Saturday, January 14, 2017

Bad blood by Jennifer Lynn Barnes

Bad blood is the fourth book in The naturals series so this review contains ***SPOILERS*** if you have not read the first books in the series.  This is one series where you really need to read the books in order so make sure you read The naturalsKiller instinct and All in before you read Bad blood.

Life is never straight forward for Cassie Hobbes and the other members of the Naturals programme.  Their natural talents make them assets for the FBI, but because of the very nature of their programme they are forced to work under the radar and keep secrets from the people around them.  In many respects Cassie has had it easy compared to the rest of the Naturals but that is starting to change, as the serial killer society they have unwittingly been hunting has plans for Cassie and her friends.  

It all starts with a high profile missing person case that Michael's father decides to use as an excuse to get Michael to visit - just days before he turns eighteen and can legally cut all ties with his family.  It also starts when Cassie visits Dean's father in prison and leaves her vulnerable to his careful manipulations and carefully sown doubts - a bad place to be for a profiler of any age.  A perfect storm is brewing, one that will bring the Naturals head-to-head with a group of killers that will stop at nothing to keep their legacy alive for generations to come.

When I started reading Bad blood I didn't realise that it was the last book in the series which was kind of nice - it meant I didn't go into the book with any real expectations.  What I got was another excellent thriller about a group of young people who tackle cases that would leave adults baffled.  There have been little secrets and little hidden messages throughout the series, and with this final book those secrets are revealed and the little messages finally make some sense.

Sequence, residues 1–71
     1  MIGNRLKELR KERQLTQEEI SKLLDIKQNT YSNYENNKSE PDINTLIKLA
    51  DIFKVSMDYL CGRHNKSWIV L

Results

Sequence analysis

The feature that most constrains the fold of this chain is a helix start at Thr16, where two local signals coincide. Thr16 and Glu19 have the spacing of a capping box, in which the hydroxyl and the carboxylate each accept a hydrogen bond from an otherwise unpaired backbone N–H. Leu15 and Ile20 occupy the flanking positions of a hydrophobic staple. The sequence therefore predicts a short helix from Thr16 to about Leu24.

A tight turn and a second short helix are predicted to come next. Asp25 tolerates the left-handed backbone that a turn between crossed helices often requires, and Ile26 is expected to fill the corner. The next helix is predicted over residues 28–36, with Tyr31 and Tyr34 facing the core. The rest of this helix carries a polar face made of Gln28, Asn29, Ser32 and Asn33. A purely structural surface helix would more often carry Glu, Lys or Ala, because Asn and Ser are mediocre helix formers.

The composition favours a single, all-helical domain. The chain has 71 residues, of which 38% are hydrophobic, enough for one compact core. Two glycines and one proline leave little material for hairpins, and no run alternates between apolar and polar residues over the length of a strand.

Moving parallel to the crime/thriller/mystery aspect of the story is the human story, aspects of the past that have made all the characters who they are (love them or loath them).  As the story unfolds we come to understand more about Michael and his childhood, and Lia and her childhood - cookie crumbs that help round them out further from cliche to relateable and human.  There are some hard hitting emotional moments, and there are some thrilling/edge of your seat moments.  This has been an excellent series and is one that deserves to be discovered and read by teenagers and adults alike.  Barnes has an amazing understanding of human nature and the criminal behaviour which creates a thoroughly believable world that sucks you in and doesn't spit you out again until the ride is over.

If you like this book then try:
  • I hunt killers by Barry Lyga
  • Acceleration by Graham McNamee
  • Hate list by Jennifer Brown
  • Guy Langman, crime scene procrastinator by Josh Berk
  • A girl named Digit by Annabel Monahgan
  • The Christopher killer by Alane Ferguson
  • Nickel plated by Aric Davis
  • Dead to you by Lisa McMann
  • Crime seen by Jenny Pausacker
  • Burning blue by Paul Griffin
  • Speak by Laurie Halse Anderson
  • Such a pretty girl by Laura Wiess
  • Living dead girl by Elizabeth Scott

Reviewed by Brilla

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